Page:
Bishop George Evans, accepted by the court as an expert in Catholicism, explained that, although he has seen the Denver nativity display on several occasions, it has never generated reverential feelings in him. Instead, it simply reminded him of the holiday season. He stated that his thoughts are no more reverential in viewing the nativity scene in front of the Denver City and County Building than when he views a nativity scene in a commercial setting.
Another employee of Denver's Department of Parks and Recreation, Gary Jones, testified that he has been responsible for the erection and dismantling of the holiday lighting display for about fifteen years. He estimated that on any given evening during the ten days preceding Christmas as many as ten thousand cars drive by the City and County Building to see the lights and that from five to seven hundred people walk by the display. He also stated that he never saw any visitor in a reverential manner kneeling before the nativity display or paying undue attention to it. However, another employee of the Department of Parks and Recreation, Ronald Hanson, testified that he has been involved in the erection and maintenance of the holiday lighting display for about nine years and that he saw the nativity scene and the area around it treated as a place of worship "a couple of times."
A nonpracticing Jew, Jerome Karsh, stated that seeing the nativity scene did not lead him to believe that Denver is putting its stamp of approval on Christianity or that Denver is preferring Christianity over other religions. He was of the opinion that the nativity display is a symbol of the history of Christianity and found nothing offensive about the display. However, he did *1313 not believe public funds should be used for its construction.
Dr. Sue Samuelson, who has a Doctor of Philosophy degree from the University of Pennsylvania, was accepted by the trial court as an expert in folklore and folklife, especially as it pertains to Christmas and nativity scenes. She testified that the context in which a nativity scene appears can add to or detract from the religious nature of the scene. According to Samuelson, the fact that the Denver nativity scene is located right next to Santa's workshop and is in close proximity to the reindeer, Santa Claus, and a wreath that says "Merry Christmas" has a profound secular effect on the nativity scene. She was of the opinion that in this context the nativity scene was not a religious symbol.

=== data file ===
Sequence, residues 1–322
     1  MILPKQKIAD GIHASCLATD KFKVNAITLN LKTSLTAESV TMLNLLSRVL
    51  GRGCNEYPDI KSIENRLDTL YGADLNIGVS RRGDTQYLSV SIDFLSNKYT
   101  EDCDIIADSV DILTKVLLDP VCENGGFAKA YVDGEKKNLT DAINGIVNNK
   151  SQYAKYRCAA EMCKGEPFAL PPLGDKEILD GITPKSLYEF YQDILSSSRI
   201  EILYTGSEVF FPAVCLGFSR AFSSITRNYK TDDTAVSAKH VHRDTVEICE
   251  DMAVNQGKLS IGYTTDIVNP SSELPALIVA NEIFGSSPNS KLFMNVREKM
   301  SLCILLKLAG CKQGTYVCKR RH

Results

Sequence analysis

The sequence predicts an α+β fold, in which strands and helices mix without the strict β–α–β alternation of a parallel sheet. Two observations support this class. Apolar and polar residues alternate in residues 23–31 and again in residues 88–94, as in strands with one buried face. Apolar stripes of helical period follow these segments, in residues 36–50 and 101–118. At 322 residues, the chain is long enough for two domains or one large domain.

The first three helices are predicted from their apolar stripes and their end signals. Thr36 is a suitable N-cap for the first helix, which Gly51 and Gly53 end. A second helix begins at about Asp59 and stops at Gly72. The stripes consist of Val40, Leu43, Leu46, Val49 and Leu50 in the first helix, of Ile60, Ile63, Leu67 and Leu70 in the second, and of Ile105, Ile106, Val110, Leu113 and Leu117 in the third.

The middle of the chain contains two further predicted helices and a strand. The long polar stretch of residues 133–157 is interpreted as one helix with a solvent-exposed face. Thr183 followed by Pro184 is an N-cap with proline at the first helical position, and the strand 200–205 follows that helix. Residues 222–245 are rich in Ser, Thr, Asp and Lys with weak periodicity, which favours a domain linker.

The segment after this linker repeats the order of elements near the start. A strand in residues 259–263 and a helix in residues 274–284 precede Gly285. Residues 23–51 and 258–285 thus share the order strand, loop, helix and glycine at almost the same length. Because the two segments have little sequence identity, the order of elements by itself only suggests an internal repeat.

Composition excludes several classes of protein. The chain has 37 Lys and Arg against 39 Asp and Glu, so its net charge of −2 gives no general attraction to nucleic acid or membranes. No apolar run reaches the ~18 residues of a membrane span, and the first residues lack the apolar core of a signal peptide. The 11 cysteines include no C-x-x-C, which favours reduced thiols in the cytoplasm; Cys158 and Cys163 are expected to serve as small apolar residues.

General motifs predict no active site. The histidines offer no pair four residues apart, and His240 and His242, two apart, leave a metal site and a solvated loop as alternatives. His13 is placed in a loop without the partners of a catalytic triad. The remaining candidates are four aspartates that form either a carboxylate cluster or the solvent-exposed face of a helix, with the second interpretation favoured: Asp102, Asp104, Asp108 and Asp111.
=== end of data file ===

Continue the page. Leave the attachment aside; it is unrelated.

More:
The trial court's findings of fact are consistent with this summary of the testimony. In its conclusions of law, the trial court determined, based on the guidelines set forth in Conrad I, that the Denver nativity scene does not violate article II, section 4, of the Colorado Constitution.II.
Article II, section 4, of the Colorado Constitution provides:The free exercise and enjoyment of religious profession and worship, without discrimination, shall forever hereafter be guaranteed; and no person shall be denied any civil or political right, privilege or capacity, on account of his opinions concerning religion; but the liberty of conscience hereby secured shall not be construed to dispense with oaths or affirmations, excuse acts of licentiousness or justify practices inconsistent with the good order, peace or safety of the state. No person shall be required to attend or support any ministry or place of worship, religious sect or denomination against his consent. Nor shall any preference be given by law to any religious denomination or mode of worship. (emphasis supplied).
The last sentence of this provision is referred to as the Preference Clause.
In Americans United for Separation of Church and State Fund, Inc. v. State, 648 P.2d 1072, 1081-82 (1982), and Conrad I, 656 P.2d at 670-72, we derived guidance in interpreting the Preference Clause by looking at the Establishment Clause of the United States Constitution and the body of federal law that has construed it. In Conrad I, we stated that the Lemon test "is well-suited to a determination of the central issues in this case, taking into account the text and purpose of Article II, Section 4, and its embodiment of the Establishment Clause." 656 P.2d at 672. In Lemon, the Court ruled that Establishment Clause analysis requires the consideration of three factors:First, the statute must have a secular legislative purpose; second, its principal or primary effect must be one that neither advances nor inhibits religion; finally, the statute must not foster "an excessive government entanglement with religion."
403 U.S. at 612-13, 91 S. Ct. at 2111 (citations omitted). To pass constitutional muster, the challenged governmental conduct must satisfy all three parts of this test. Stone v. Graham, 449 U.S. 39, 41, 101 S. Ct. 192, 193, 66 L. Ed. 2d 199 (1980); Conrad *1314 I, 656 P.2d at 673. Plaintiffs argue that the Denver nativity display violates each of these three parts. We disagree.